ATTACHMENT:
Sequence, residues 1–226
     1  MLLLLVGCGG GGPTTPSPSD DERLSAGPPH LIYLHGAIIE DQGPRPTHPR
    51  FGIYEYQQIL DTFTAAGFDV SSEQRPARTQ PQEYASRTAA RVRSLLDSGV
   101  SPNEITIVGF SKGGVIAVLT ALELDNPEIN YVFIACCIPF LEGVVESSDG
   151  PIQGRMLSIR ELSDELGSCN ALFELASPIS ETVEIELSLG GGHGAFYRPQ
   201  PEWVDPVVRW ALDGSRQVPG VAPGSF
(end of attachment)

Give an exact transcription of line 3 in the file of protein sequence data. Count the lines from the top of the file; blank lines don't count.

    51  FGIYEYQQIL DTFTAAGFDV SSEQRPARTQ PQEYASRTAA RVRSLLDSGV